nytheatre.com review by Martin Denton
May 14, 2005
The obvious way to write about a hero is to start at the (hopefully humble) beginning: shy and modest small-town boy has a dream—say, to fly across the Atlantic Ocean, from New York to Paris, without stopping. Throw in some obstacles, even dangers, to overcome (no one's ever done it before, and many have died trying). Then finish triumphantly with success, against all odds and defying all expectation: he lands in Paris, and for a minute the world stops and everybody cheers. Curtain.
As I said, that's the obvious way. Playwright Garth Wingfield isn't interested in obvious, however, which is why his new play Flight is so interesting and so unusual. Subtitled "The rise and fall of Charles Lindbergh," it focuses not on the making of a hero but rather the unmaking of one: the consequences of heroism (and its inevitable metamorphosis into celebrityhood), in a particular place (the U.S.), at a particular time (the second quarter of the 20th century—the age of radio and movies—the moment when mass media was just learning to flex its muscle and become the dominant cultural influence in American life).
Flight starts in 1968, when Lindbergh is near the end of his life, 41 years after his history-making trip. He's visiting a group of astronauts about to take off for the moon, and though one of them tells him that his journey made space travel possible, the bureaucrat in charge of handling visitors doesn't even know who he is. Such is the fleeting nature of fame, then as now.
The play then flashes back to three pivotal points in Lindbergh's career as a public figure. The first is right after that remarkable flight, when he plays the bashful, ingenuous Midwestern kid to the hilt, balking at and then getting taken in by the press, soaking up the excitement and the publicity without really loving it and certainly without understanding it.
He meets Anne Morrow, the shy second daughter of a very rich and influential family, and they fall in love and marry. The story moves rapidly to the next milestone in Lindbergh's story, a few years later, when their son Charles, Jr., is kidnapped and killed. Wingfield once again avoids the obvious angle here, leaving to others the question of whether Bruno Richard Hauptmann really committed the crime; instead, the focus is on a devastating event at once public and private. Would the Lindbergh baby have ever even been kidnapped if Lindbergh weren't so famous? Would the outcome have been different? Who ultimately is responsible for scars on a family that never could heal: the public man, the private man, or the never-satiated media, longing for sensational material? (Did you know there was a popular song about the Lindbergh kidnapping?)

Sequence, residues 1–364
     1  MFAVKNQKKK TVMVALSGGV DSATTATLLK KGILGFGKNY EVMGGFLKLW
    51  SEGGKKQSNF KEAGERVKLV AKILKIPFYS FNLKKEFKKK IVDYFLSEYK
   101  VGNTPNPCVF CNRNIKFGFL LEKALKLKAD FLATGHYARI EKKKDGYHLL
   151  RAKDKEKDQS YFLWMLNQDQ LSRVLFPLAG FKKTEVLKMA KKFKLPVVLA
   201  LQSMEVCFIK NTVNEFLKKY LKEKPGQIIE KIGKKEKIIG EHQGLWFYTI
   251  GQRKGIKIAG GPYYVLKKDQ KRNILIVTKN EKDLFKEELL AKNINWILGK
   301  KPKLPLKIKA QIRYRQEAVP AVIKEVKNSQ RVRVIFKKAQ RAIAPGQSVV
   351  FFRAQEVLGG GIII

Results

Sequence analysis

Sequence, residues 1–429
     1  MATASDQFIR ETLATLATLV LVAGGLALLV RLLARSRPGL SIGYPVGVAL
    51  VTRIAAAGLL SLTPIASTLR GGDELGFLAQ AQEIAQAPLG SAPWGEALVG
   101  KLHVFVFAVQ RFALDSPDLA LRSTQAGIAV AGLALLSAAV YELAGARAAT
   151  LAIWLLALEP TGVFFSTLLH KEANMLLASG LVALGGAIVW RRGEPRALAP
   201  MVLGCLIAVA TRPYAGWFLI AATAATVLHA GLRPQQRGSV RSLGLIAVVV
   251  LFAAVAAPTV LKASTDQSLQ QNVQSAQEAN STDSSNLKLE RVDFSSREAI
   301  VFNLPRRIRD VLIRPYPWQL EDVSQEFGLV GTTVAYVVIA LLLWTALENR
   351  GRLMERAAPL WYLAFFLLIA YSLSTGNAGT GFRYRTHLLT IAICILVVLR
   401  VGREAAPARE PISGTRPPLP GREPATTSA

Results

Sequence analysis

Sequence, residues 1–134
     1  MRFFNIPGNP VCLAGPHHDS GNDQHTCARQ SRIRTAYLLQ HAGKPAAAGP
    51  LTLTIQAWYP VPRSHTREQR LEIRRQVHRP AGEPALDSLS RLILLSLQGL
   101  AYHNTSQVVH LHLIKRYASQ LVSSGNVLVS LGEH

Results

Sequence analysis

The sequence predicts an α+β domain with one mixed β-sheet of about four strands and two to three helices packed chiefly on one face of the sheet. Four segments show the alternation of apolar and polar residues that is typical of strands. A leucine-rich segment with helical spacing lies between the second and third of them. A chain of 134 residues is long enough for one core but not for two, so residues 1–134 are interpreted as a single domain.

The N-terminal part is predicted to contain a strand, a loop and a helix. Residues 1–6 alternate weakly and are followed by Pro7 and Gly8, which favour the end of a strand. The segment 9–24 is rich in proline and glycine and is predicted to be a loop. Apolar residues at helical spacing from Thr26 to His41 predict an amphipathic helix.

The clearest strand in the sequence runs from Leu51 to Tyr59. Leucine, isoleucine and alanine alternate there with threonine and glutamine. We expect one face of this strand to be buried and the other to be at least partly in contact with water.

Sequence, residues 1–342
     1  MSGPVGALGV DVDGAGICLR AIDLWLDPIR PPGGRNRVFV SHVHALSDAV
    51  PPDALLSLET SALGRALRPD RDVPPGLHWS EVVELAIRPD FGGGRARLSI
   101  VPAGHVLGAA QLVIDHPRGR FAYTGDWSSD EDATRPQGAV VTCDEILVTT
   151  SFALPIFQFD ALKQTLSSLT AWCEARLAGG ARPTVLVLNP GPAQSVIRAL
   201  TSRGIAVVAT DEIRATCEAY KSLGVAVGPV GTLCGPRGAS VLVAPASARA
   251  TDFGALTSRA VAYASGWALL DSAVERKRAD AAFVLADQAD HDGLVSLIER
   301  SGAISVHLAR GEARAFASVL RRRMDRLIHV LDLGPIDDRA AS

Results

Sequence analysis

Act Two of Flight takes us to the years preceding World War II, when Lindbergh managed to engineer a fairly spectacular fall from grace by accepting a medal from the Nazi government and then speaking out—after years of shunning the spotlight, mind you—against American involvement in a war with Germany that he was convinced we could not win. It's fascinating and it's true—there are fragments of recordings and newsreels of the real Lindbergh interspersed with the action—and in a way it feels inevitable. Did Lindbergh mean to turn himself into a kind of ruined tragic hero? The arc of Wingfield's play seems to suggest that after sacrificing his personal life and his baby to the media gods, either destiny or hubris or both kicked in and pushed him down a path of self-destruction that served him and his public right.
So Flight feels, by its sad end, almost like Greek tragedy; in fact, it is because Wingfield has withheld so much information about his hero—especially the stuff that drove him toward his destiny in the first place; see paragraph one—that the play feels more abstract and less moralistic than, say, Oedipus Rex. But this is cautionary theatre nonetheless.
I left Flight wanting to know more about Lindbergh, wanting to fill in the play's gaps. What, I wondered, did Lindbergh do for the 40 or so years that he lived after disgracing himself with his apparent pro-Nazi leanings? Is it true that even while he was still alive he sank into obscurity? What do people know about him today?
The Melting Pot Theatre Company has gone to great expense in mounting Flight, enlisting some A-list actors who are all quite fine—Gregg Edelman as the stolid, stubborn, and usually sullen Lindbergh; Brian D'Arcy James as all the reporters who built and then tore down the legend around him; and especially Kerry O'Malley, who is quietly assured and centered as Anne Morrow Lindbergh, whose own tragedy—less public and less grandiose than her husband's—might in many ways be the more enlightening one. I suspect that Melting Pot has overproduced the piece physically: the really nifty abstract unit set by Michael Deegan and Sarah Conly seems to overpower the proceedings much of the time, and I wonder if the use of so much video projection, music, and recorded sound doesn't detract from rather than enhance the power of Wingfield's contemplative story. The trappings seem to aspire to the epic, but Wingfield is resolutely looking the other way here: Flight is the tragedy of a man's brush with glory, not glory's brush with man.